These rapid tests signal a revolutionary turn in the fight against COVID-19, but how accurate are they?
Apple has been offering on-site employees a COVID-19 nasal swab test since May, but the company will also soon be shipping home test kits to remote staff.
The decision is part of Apple’s plan to have workers, including retail employees, continue working from home as new cases of COVID-19 in the US surge to record highs.
How one home collection kit works
COVID-19 home test kits enable individuals to collect nasal swab specimens on their own.
But the actual testing – to determine the presence of the SARS-CoV-2 pathogen – can take place only in certified laboratories that perform what the US Food and Drug Administration calls “high-complexity” tests.
One example of this product is the home collection kit developed by supermarket chain Kroger, which received emergency-use authorization from the FDA back in June.
The home collection kit is “intended to facilitate self-collection” of nasal swab specimens, but the process should be supervised on video by a healthcare provider, the FDA said. The professional determines whether the steps are appropriate based on the results of a COVID-19 questionnaire.
“Once collected, the human specimen, which may include SARS-CoV-2 RNA, is maintained in the collection kit packaging during transport at ambient temperature to an authorized laboratory, designated by The Kroger Co., that runs the specimen on an authorized IVD molecular test for the detection of the virus that causes COVID-19,” the agency said.
Kroger’s proprietary tool is not the first home collection kit to get a nod from the FDA.
“Throughout this pandemic we have been facilitating test development to ensure patients’ access to accurate diagnostics, which includes supporting the development of reliable and accurate at-home sample collection options,” FDA Commissioner Dr. Stephen Hahn said.
“The FDA’s around-the-clock work since this outbreak began has resulted in the authorization of more than 50 diagnostic tests and engagement with over 350 test developers,” he said.
In Canada, researchers led by Professor John Brennan of McMaster University have also been working on a commercial home test kit that can reportedly yield results in as fast as 30 minutes.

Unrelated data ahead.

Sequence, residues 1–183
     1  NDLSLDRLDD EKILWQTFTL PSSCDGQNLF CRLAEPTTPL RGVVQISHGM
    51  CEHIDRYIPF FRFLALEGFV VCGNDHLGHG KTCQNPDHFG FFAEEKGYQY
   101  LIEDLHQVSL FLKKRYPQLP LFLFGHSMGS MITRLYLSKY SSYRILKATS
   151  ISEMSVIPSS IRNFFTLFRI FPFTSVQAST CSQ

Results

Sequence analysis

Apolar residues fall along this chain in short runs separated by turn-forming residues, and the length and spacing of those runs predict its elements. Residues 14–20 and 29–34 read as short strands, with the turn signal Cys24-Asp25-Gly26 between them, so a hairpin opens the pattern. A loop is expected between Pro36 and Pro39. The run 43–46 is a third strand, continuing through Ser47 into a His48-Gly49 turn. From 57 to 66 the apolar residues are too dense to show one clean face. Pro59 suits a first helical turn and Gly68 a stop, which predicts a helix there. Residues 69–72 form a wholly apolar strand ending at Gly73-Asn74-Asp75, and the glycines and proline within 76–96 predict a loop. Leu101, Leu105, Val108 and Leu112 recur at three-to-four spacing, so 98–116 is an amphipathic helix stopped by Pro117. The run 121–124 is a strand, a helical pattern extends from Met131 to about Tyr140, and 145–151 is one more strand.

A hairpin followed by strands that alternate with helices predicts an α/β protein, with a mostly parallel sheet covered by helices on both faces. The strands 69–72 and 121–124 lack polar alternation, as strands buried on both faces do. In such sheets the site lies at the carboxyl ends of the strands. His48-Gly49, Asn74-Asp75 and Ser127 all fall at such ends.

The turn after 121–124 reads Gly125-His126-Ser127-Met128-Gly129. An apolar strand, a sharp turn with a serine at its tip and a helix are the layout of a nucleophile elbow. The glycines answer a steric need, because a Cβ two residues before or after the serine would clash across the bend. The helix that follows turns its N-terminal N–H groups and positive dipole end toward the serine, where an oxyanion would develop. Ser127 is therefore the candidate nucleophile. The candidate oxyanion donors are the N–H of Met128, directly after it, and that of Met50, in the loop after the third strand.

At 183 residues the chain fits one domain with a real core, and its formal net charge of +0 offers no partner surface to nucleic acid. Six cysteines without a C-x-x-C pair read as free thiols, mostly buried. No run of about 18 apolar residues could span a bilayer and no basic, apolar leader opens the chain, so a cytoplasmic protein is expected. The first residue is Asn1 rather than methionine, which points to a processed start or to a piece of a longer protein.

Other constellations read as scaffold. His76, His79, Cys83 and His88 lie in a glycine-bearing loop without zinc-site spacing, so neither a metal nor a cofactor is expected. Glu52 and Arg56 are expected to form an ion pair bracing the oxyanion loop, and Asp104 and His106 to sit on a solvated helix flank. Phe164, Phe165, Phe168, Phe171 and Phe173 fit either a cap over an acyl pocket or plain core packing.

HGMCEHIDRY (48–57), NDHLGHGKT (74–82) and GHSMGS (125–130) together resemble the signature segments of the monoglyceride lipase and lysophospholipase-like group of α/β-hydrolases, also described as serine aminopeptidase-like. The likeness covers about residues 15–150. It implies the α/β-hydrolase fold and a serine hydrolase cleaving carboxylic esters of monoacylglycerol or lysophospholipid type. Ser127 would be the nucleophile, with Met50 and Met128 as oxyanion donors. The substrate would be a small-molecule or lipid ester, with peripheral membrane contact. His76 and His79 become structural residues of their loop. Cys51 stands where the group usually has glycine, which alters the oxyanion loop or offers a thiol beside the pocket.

It’s also pain- and hassle-free. Instead of undergoing a nasal swab test, the user would only have to expel mucus, which would then be tested using a test strip and a combination of chemicals.
Similar to the one used in a home pregnancy kit, the test strip with a small amount of the mucus would reveal one line if the sample is negative for SARS-CoV-2 and two if the sample is positive.
Another kit that aims to expedite the COVID-19 screening process is the RapiGen home test kit, which can reportedly detect antibodies against SARS-CoV-2 in about five to 10 minutes. It also relies on the appearance of a coloured line to determine whether the specimen contains antibodies.
“These test kits are revolutionary in expediting the process of testing since it cuts out the processing time by a fraction, aiding in an earlier detection of the virus, a more accurate prediction of the positive cases and a decrease of the infection rate,” said Marshall Gunter, CEO of DataMetrex, maker of RapiGen.
The risks of home testing
The Canadian government recognises that rapid test devices are often “simple to use and provide visual results within a short time period”. As such, they make it “possible for a greater number of people to be tested”.
“However, without the guidance of a healthcare professional, there is a significant risk that a patient could use the home test kit improperly or misinterpret the results,” officials said.
“At this time, Health Canada does not consider that the benefits of using home test (self-testing) kits outweigh the risks.”